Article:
Stars, galaxies and nebulas dot the skies over the European Southern Observatory's La Silla Paranal Observatory in Chile, in a picture released on Jan. 7. This image also shows three of the four movable units that feed light into the Very Large Telescope Interferometer, the world's most advanced optical instrument. Combining to form one larger telescope, they are greater than the sum of their parts: They reveal details that would otherwise be visible only through a telescope as large as the distance between them. (Y. Beletsky / ESO) Back to slideshow navigation
  2. A balloon's view

    Cameras captured the Grandville High School RoboDawgs' balloon floating through Earth's upper atmosphere during its ascent on Dec. 28, 2013. The Grandville RoboDawgs’ first winter balloon launch reached an estimated altitude of 130,000 feet, or about 25 miles, according to coaches Mike Evele and Doug Hepfer. It skyrocketed past the team’s previous 100,000-feet record set in June. The RoboDawgs started with just one robotics team in 1998, but they've grown to support more than 30 teams at public schools in Grandville, Mich. (Kyle Moroney / AP) Back to slideshow navigation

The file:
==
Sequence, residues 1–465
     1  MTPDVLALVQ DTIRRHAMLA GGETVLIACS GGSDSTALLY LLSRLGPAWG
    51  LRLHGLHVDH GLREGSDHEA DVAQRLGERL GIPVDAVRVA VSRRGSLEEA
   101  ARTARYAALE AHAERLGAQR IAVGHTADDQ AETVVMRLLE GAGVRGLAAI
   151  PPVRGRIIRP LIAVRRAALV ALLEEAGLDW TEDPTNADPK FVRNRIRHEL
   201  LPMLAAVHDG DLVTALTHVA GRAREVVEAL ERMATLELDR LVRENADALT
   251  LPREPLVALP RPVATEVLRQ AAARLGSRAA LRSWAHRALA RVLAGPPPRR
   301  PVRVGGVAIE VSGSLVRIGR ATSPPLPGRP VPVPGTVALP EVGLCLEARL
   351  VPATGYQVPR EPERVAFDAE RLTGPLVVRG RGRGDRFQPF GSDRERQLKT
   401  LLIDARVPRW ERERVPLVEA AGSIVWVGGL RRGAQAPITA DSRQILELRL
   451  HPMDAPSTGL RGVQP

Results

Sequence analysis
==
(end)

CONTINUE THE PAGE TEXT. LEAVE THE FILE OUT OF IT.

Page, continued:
3. Spacemen at work

    Russian cosmonauts Oleg Kotov, right, and Sergey Ryazanskiy perform maintenance on the International Space Station on Jan. 27. During the six-hour, eight-minute spacewalk, Kotov and Ryazanskiy completed the installation of a pair of high-fidelity cameras that experienced connectivity issues during a Dec. 27 spacewalk. The cosmonauts also retrieved scientific gear outside the station's Russian segment. (NASA) Back to slideshow navigation
  4. Special delivery

    The International Space Station's Canadian-built robotic arm moves toward Orbital Sciences Corp.'s Cygnus autonomous cargo craft as it approaches the station for a Jan. 12 delivery. The mountains below are the southwestern Alps. (NASA) Back to slideshow navigation
  5. Accidental art